David Haye has spoken of his desire to fight Anthony Joshua and thinks the 27-year-old has the advantage over Wladimir Klitschko ahead of their bout on 29 April. Haye, who is also preparing for a heavyweight blockbuster against Tony Bellew on 4 March, is eager to step into the ring with Joshua and warned the IBF heavyweight champion that he is a "different animal" to Klitschko.

Haye will be taking a keen interest in Joshua's fight with the Ukrainian, who will be aged 41 when he goes toe-to-toe with the 2012 Olympic gold medalist at the 02 arena. While "The Hayemaker", 36, believes his compatriot has the edge over the man who defeated him in a heavyweight unification bout in 2011, he does not think Joshua will be itching to fight him.

Speaking exclusively to IBTimes UK, Haye said: "I'll be watching the Klitschko vs Joshua fight carefully. I'll make sure I'm there ringside for that one. That'll be fun. I would love a fight (with Joshua), whether he'd love it is a different story. Klitschko is a very different animal to me, he doesn't let his hands go anymore. He hasn't fought for a year and a half, his last fight was horrendous; he didn't throw any punches.

"The pendulum's definitely in Joshua's favour, the advantage is all in his side. He knows I'm not like that: I let my hands go, I've fought regularly, I'm having a fight in March a month before him. Whether he'll be as confident fighting me as he is Klitschko is a different story. Fingers crossed he gets through this fight and then we can talk about a big clash between me and him."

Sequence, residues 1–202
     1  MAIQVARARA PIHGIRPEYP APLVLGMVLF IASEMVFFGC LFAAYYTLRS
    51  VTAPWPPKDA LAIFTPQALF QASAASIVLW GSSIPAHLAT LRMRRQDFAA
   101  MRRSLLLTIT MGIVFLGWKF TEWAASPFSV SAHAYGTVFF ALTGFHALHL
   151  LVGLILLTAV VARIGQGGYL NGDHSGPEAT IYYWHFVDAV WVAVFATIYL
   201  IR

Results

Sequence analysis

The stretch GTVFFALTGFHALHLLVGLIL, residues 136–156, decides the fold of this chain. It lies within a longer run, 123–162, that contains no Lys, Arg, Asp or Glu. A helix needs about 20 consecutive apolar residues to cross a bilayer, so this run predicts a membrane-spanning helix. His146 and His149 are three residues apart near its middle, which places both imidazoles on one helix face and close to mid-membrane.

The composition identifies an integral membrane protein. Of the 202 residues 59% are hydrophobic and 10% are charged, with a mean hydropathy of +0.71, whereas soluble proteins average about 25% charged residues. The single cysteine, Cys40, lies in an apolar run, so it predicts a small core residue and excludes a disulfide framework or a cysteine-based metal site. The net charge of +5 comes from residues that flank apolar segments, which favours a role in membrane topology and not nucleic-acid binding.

Anthony Joshua and Wladimir Klitschko
Joshua and Klitschko will touch gloves at the 02 Arena on 29 April Getty Images

If Haye and Joshua are to lock horns, it will have to be sooner rather than later. Haye is planning to retire at the end of 2018 in order to focus fully on Hayemaker Ringstar, a promotional company headed by him and former CEO of Golden Boy Promotions, Richard Schaefer.

The Bermondsey boxer was keen to stress that he could "fight another 15 fights", but thinks four or five is "enough to do what I need to do".

"I've got four of five fights before I achieve what I believe I am able to achieve," Haye observed. "I think four or five fights is enough to do what I need to do. I could fight another 15 fights if I wanted to but I don't want to. I want to achieve what I want to achieve in as few fights as possible. I don't take unnecessary punishment."